Add one more person to your team and you are adding far more complexity than you realize. That person has to communicate with every person on the existing team, and communication lines mushroom with each additional body.
So adding one individual to a group of four means there are now 10 lines of communications, as everyone communicates with each other, compared to six beforehand. Add one extra employee to an eight-person team and communication lines jump from 28 to 36. Adding a newcomer to a 12-person team takes you from 66 to 78 lines of communication.
That's a lot of chances for things to go wrong. So it's where Jason Evanish, founder of Lighthouse , a software tool for managers, believes you need to stop. No manager should be directly supervising more than 12 people. Indeed, it's best to keep it down to eight to 10 people.
"Because you are a good manager for three or four people, doesn't mean you can handle seven or eight. I saw people who were crashing under the pressure of 12," Mr. Evanish said in an interview. "It doesn't matter the size of the company – it can be a startup or a larger company. That 12 team size crushes you."
As you add people, you gain more diversity and creativity. But it's extra bodies for a manager to keep track of when delegating tasks. It's additional personalities to handle. It's further people to coach and offer feedback. Like the frog in cold water that is put to the boil, it can be difficult to sense when the balance tips from acceptable to unacceptable. "Even good managers get stressed at nine or 10," Mr. Evanish said.
In a blog post, he noted other people had come to a similar conclusions.
Jeff Bezos, chief executive of Amazon.com Inc., has a rule of keeping meetings and teams to the number of people who can share two pizzas. If each person has two slices and the pizza has 8 slices, that means holding it at eight people so nobody goes hungry and the team doesn't choke on its own size.
Michael Lopp, author of the Rands in Repose blog, argues for seven, plus or minus three. So between four and 10. He figures if you spend half an hour weekly in a one-on-one with each direct report, seven will add up to 3.5 hours, half a day, a reasonable amount.
Tomasz Tunguz, a venture capitalist with RedPoint Ventures, concluded that seven is a good target when considering span of control and span of responsivity – how many subordinates a person can oversee.
As your team grows beyond a comfortable size, Mr. Evanish says you need to relinquish your desire for control. "One of the first things you have to do is accept you can't have first-level contact with everyone on your team any more. This can be scary if you're used to setting the standard and pace on your team, and worry that without direct influence that will change," he writes.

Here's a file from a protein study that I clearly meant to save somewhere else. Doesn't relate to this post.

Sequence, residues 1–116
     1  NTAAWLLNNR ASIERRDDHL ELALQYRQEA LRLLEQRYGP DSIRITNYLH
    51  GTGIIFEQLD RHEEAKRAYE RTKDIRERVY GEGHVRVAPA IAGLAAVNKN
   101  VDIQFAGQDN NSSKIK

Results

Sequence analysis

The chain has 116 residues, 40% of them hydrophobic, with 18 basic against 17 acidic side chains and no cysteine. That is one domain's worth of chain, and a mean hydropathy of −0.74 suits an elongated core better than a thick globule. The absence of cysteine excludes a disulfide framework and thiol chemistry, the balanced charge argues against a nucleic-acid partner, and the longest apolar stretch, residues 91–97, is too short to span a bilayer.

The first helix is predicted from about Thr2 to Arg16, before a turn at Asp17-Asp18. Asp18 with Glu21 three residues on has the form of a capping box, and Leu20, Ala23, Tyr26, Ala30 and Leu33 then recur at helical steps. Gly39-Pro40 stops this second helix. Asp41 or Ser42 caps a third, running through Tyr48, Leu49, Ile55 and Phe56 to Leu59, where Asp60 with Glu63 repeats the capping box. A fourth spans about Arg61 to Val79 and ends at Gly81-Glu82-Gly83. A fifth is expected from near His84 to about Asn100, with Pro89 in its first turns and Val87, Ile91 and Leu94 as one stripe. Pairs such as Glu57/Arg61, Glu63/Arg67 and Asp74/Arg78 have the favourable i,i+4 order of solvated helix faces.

But while you can't serve the team in the same way you did, you can grow as a manager if you overcome your fears and need for control. You also need to begin thinking of two people from within your team who can be promoted to manager. He suggests two people because if you have grown to 12, the math works out well: Each of them can start modestly, overseeing four people, and you are also overseeing four (including them).
"The worst thing on Day 1 is to be thrown in the water with concrete boots. If, as a starting manager, you have seven to eight people, that's concrete boots," he says.
Adding two managers simultaneously also means your training can have double impact – instead of explaining to one person and then six months later explaining the same stuff to another person you have promoted, do it all at once.
The people you approach may not jump at the opportunity. Management is not for everyone. You may have to sell them on the advantages and then help them to accommodate to their new role. He suggests looking for people with empathy, attention to detail, organizational skills, and eagerness to learn. They should have in the past demonstrated leadership skills by taking charge of a group on a specific task.
"Just be mindful of people becoming managers for the wrong reasons, and choose who you promote wisely," he warns on the blog.
You aren't disappearing, initially. You are guiding them, and probably also holding skip-level meetings occasionally – perhaps once a month, perhaps once a quarter – with your former subordinates now reporting to them. But make sure those folks aren't coming to you instead of the new managers.
And make sure you are holding regular one-on-ones with the new managers to coach them. Don't leave them to sink or swim – without your assistance, they will indeed feel they are swimming with those concrete boots.
Over all, you have reduced the strain on yourself, strengthened the team, and multiplied your influence. Now keep an eye on those new managers, to make sure their team doesn't grow beyond a manageable size.
Harvey Schachter is a Kingston, Ont.-based writer specializing in management issues. He writes Monday Morning Manager and management book reviews for the print edition of Report on Business and an online work-life column, Balance. E-mail Harvey Schachter